Building a PVR with Mike & Chris

My blogging has been sparse recently because my usual blogging time has been taken over by my Personal Video Recorder (PVR) assembly project. A PVR is a do-it-yourself TiVo. The main advantage over TiVo is that you don’t have to pay anyone a monthly subscription fee. The disadvantage, especially if you want to use your PVR with a TV instead of a computer monitor, is that you’re dealing with bleeding edge technology. That means you’ll find lots of debates about the “right way” to configure the system and you’ll inevitably hit a few snags while setting things up. But if you’re a geek, that’s also what makes it fun. And besides, according to the New York Times, everybody’s doing it.

My friend and co-worker Chris wanted to build one too, so we decided to pool our expertise and save on shipping costs by buying our components together. We built our systems from scratch. Where things got tricky was deciding what to do for the TV tuner card, video card, and PVR software. We did lots of Googling and browsed through the SageTV forums to assess our options (the Build Your Own PVR site was also helpful). The only thing everyone agreed on is that you need a TV tuner card with hardware-based encoding, so that writing your favorite TV shows to files doesn’t slow your PC to a crawl.

Where folks disagreed was on how to get the best picture when decoding the files back to your screen. If you use an ordinary TV tuner card (like the Hauppauge PVR-150) with an ordinary video card, and run the output via S-video to your TV, the picture quality will, at best, be about the same as a VHS tape. I started with a configuration like that, and was disappointed with the results. Cartoons, with their limited use of color and detail, looked fine, but live action scenes, especially if they involved hard-to-digitize video elements like smoke, looked lousy.

There are two ways to a better picture. One is to go with a higher-end video card that’s designed for gaming (specifically, an ATI or NVIDIA card). Most of the folks in the forums who were watching on a TV instead of a computer monitor used the S-video out on these cards. Some of the new cards apparently have a component out as well. Some used a VGA-to-component adapter (but you have to be careful not to blow up your TV!).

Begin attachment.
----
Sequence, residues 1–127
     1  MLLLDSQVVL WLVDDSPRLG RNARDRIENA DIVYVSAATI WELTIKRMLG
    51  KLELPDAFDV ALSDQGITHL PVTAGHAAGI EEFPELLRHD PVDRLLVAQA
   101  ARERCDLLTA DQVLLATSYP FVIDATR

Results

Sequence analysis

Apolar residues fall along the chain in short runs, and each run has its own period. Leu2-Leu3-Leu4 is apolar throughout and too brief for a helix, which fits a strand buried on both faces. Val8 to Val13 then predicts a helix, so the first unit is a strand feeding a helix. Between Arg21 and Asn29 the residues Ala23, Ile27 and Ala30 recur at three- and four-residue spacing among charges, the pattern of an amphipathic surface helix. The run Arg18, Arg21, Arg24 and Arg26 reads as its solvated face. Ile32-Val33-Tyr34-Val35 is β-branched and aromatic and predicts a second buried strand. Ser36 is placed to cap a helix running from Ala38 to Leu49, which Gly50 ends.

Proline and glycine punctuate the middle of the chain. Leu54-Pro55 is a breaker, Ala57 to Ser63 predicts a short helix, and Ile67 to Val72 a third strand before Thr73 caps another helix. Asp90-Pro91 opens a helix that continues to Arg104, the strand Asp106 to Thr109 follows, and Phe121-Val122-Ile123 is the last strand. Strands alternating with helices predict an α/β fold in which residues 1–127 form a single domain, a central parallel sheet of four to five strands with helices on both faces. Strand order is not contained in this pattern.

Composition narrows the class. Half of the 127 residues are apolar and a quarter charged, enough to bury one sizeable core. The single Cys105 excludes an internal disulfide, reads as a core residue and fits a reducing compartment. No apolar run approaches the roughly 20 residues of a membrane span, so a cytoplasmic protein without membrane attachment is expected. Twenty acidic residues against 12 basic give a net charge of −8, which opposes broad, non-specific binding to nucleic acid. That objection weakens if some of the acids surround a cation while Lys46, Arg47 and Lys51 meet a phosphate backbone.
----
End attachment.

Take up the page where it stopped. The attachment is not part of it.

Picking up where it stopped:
The other approach is to go with the Hauppauge PVR-350, which is a tuner card that has a hardware-based decoder and S-video out built-in. This is supposed to give the best possible picture, but there’s a major drawback: it will only output data that was processed through the tuner. That is, you can’t use it as a substitute for a video card (e.g. it won’t show your Windows desktop). The big breakthrough for this card came last year when the SageTV folks figured out how to run their TV scheduling video overlays through it, so you could at least see that much through your TV.

I currently have the PVR-150, which I’m going to give to Chris (as he hasn’t bought his TV tuner card yet, and that’s the one he wants). I’m going to get the PVR-350. Since I don’t want to have a computer monitor sitting next to the TV, I’m also going to get an S-video selector box. My TV only has one S-video input, so I can use the selector box to switch between the output from the TV tuner card and the output from the video card. I’ll probably only need access to the desktop every once and a while, so it should work out fine.

My main motivation for doing all this was to provide time-shifting and commercial-removal for the shows Kai watches. SageTV is really cool: you can easily search the TV schedule for a show (say, Sesame Street) and then tell it to record every new instance (i.e. so it won’t record a re-run if you’ve already recorded it), and then you can tell it to keep, say, the 10 most recent episodes on the hard drive, and to just delete older ones. And I’ll finally be able to keep up with The Daily Show! I’m putting Kai to bed when it’s on at 7, and I’m asleep when it’s on at 11. Since The Daily Show seems to have more than your average number of commercials, I bet I can watch an entire episodes in 15 minutes after skipping them.

The other cool thing is that you can hook up your VCR to it, so you can transfer your videotapes to DVD. We have some infant videos of Kai I’d like to digitize! And I guess it’s the only way I’ll ever see the non-Special Edition of Star Wars on DVD…

Leave a Reply